How can your creativity be quantified? It’s a tough question. In the simplest terms, your artwork will sell for what the market is willing to pay. Your prices will have to be justified with regard to your level of experience, sales history, and the market in which you sell. If you were to sell your house, the market would dictate what it is worth based on “comparables”. In other words, what similar houses have sold for in your area. Art is the same. So, start by investigating your “neighborhood” to find out what comparables are selling for. That is, go window-shopping—and take notes. You may be thinking, “But my artwork is unique. There is nothing else like it.” Nevertheless, compare your work to other pieces of a similar size, shape, medium, subject matter, and technique.
An alternate method is calculating your price based on labor and materials. Definitely value your labor. After all, you would be getting paid at any other job you performed. Let’s use $20-per-hour wage. If your materials cost $50 and it took you three hours to make the object, $110 would be a fair base price or wholesale price. If you are retailing your own jewelry you may be able to double that amount. Most retailers use what is called “triple keystone” which means their retail price is 3 times the wholesale price they paid.
Sometimes pricing may not be that straightforward. Other factors to consider are rent, utilities, insurance, taxes, advertising, and education. Furthermore, if you buy materials in bulk and make several pieces from that supply, break down that cost, too. For example, if you are a jeweler, keep a schedule of the cost per square inch of silver sheet or per linear inch of wire. There are probably other consumables you use for several pieces like fluxes, patinas, or gas for your torch tank. Calculate approximately how many pieces you can make with the quantity you buy, and add these costs to your base price.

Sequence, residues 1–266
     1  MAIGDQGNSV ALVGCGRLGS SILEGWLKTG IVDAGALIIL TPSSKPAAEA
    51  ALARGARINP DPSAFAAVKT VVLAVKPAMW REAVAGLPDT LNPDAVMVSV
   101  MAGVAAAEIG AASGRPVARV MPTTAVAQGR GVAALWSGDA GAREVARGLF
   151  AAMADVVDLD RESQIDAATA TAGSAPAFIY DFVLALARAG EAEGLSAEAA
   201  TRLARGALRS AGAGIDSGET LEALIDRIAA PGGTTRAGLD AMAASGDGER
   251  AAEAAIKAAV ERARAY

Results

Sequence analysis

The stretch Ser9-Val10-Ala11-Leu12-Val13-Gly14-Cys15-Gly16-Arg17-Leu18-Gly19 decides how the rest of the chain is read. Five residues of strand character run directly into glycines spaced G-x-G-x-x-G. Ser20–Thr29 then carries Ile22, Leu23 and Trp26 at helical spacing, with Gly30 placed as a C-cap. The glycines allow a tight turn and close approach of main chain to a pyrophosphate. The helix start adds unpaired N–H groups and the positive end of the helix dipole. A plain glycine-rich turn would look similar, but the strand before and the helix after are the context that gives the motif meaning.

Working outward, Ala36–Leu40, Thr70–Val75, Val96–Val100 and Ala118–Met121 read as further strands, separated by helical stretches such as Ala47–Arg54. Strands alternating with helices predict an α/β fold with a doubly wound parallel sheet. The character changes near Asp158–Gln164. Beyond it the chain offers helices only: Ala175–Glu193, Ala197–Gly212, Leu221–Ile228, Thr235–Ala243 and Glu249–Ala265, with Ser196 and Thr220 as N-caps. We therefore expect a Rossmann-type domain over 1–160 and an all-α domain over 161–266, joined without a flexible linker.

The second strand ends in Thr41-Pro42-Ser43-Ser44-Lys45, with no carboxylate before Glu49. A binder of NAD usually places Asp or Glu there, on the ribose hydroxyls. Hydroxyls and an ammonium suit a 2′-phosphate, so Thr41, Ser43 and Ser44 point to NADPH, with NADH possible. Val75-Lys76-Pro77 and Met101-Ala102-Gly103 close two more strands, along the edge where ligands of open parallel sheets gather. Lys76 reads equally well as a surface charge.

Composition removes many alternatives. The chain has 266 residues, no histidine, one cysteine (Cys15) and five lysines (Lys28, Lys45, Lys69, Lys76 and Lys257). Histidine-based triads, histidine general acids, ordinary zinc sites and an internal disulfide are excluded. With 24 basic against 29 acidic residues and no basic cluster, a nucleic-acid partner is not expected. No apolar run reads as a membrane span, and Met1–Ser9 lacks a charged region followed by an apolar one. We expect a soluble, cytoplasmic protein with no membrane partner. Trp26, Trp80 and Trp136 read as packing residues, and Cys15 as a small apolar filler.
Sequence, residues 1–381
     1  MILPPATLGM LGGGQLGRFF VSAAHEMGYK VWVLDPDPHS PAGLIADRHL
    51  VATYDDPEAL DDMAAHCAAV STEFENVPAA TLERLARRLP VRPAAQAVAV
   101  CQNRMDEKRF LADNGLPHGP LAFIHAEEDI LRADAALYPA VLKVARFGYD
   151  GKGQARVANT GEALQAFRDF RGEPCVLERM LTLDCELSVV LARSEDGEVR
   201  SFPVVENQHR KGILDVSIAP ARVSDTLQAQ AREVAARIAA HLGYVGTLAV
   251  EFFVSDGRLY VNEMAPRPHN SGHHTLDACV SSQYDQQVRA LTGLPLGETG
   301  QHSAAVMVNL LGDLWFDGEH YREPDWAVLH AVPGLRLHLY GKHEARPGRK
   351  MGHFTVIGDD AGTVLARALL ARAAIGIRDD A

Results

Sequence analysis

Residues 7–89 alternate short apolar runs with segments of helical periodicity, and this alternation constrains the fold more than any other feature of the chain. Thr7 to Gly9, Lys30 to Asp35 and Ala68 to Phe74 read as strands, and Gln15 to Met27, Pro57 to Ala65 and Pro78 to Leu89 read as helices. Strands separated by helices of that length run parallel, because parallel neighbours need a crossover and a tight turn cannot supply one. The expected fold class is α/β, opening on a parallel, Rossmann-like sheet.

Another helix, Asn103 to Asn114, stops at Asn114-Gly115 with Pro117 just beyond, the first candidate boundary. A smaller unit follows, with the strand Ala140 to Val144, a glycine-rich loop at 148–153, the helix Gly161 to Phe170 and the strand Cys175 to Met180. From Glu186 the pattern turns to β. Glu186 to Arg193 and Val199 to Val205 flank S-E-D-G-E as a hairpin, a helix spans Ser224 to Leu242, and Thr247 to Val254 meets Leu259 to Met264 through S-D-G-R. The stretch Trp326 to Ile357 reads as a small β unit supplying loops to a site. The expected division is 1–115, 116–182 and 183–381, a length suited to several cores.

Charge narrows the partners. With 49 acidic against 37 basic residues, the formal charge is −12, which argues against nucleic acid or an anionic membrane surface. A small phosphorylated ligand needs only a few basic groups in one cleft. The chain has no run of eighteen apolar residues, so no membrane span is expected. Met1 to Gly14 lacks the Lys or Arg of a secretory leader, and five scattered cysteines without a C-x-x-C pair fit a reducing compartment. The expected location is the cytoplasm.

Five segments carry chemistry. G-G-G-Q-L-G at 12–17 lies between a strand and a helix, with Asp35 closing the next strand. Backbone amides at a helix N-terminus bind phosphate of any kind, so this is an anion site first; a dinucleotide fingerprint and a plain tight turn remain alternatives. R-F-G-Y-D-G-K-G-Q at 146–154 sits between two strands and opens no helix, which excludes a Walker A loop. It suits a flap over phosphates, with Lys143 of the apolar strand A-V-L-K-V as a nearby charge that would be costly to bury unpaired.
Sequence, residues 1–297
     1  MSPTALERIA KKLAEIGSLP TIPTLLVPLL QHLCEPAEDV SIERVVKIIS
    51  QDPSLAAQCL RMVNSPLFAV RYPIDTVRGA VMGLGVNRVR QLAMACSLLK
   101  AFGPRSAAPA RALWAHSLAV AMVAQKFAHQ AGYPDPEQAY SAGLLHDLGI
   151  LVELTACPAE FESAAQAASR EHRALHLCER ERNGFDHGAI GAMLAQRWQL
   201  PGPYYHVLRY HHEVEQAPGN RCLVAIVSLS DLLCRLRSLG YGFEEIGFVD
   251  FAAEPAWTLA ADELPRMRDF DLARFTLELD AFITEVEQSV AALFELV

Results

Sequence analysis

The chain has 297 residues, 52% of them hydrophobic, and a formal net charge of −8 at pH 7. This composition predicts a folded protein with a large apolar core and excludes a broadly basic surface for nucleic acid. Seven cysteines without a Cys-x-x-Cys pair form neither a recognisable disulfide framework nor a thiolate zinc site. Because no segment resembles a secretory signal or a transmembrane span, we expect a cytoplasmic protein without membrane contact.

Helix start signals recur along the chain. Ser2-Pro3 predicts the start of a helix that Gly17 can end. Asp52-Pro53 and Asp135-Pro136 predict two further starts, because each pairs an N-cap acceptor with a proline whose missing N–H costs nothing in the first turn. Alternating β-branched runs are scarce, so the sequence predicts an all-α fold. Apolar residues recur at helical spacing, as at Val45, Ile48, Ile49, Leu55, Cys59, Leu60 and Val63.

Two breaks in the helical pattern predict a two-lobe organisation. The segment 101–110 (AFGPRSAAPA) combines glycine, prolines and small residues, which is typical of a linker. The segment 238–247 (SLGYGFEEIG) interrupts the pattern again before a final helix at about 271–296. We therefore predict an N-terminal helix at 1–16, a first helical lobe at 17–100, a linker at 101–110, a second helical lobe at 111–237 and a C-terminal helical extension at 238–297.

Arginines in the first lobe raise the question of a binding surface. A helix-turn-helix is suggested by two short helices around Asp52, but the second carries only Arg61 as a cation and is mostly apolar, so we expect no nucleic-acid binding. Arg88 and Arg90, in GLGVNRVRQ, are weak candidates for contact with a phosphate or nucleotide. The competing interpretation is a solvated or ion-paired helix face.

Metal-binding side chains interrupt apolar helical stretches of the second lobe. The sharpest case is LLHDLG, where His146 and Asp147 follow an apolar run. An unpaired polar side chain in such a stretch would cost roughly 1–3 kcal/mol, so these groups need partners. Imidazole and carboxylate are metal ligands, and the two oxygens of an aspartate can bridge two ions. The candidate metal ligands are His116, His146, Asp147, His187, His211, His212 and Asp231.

Even if you work from home rather than renting a space, remember to calculate the cost of your workspace. For example, if you live in a 1000-square-foot home with 100 square feet dedicated to your workspace, and your total rent or mortgage payment is $1200 a month, then $120 is the cost of your workspace (100/1000=.10 x $1200 = $120). You can also deduct that $120 per month ($1440 per year) on your federal taxes as a business expense.
Another way to integrate overhead costs into your pricing is to calculate the overhead cost per labor hour. For example, if you’re working 160 hours per month, add your total overhead and consumables and divide that dollar amount by 160. Let’s say your overhead and consumables total $500 per month. The overhead cost per labor hour is $3.13 ($500/160). How much time is dedicated to making each piece of artwork? If a piece took you three hours to make, overhead for that piece is $9.39 ($3.13 x 3). Add that to your $110 base price, and this piece should wholesale for no less than $120.
This can be a lot of information to track at first. An Excel spreadsheet is perfect for the task. If you don’t know how to use this software, you can probably learn through a short course online or a one-day workshop at your community college. If you prefer handwritten records, a basic accounting ledger is all you need to record your data on paper.
At SFJS we are committed to your success, and pricing your artwork is a key component of that success. If you need a copy of your last year’s expenditures at SFJS to help you calculate your direct costs, overhead or to work on your taxes we can provide you with that information.